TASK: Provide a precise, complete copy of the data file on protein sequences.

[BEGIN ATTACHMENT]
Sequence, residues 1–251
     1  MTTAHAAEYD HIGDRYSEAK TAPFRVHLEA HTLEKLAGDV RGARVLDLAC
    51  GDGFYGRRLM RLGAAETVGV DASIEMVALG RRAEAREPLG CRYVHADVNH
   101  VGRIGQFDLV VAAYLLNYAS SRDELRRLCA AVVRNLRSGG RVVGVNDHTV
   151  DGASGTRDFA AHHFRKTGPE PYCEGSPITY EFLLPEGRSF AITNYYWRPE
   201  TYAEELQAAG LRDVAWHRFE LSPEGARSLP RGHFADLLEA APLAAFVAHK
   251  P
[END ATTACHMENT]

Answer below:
Sequence, residues 1–251
     1  MTTAHAAEYD HIGDRYSEAK TAPFRVHLEA HTLEKLAGDV RGARVLDLAC
    51  GDGFYGRRLM RLGAAETVGV DASIEMVALG RRAEAREPLG CRYVHADVNH
   101  VGRIGQFDLV VAAYLLNYAS SRDELRRLCA AVVRNLRSGG RVVGVNDHTV
   151  DGASGTRDFA AHHFRKTGPE PYCEGSPITY EFLLPEGRSF AITNYYWRPE
   201  TYAEELQAAG LRDVAWHRFE LSPEGARSLP RGHFADLLEA APLAAFVAHK
   251  P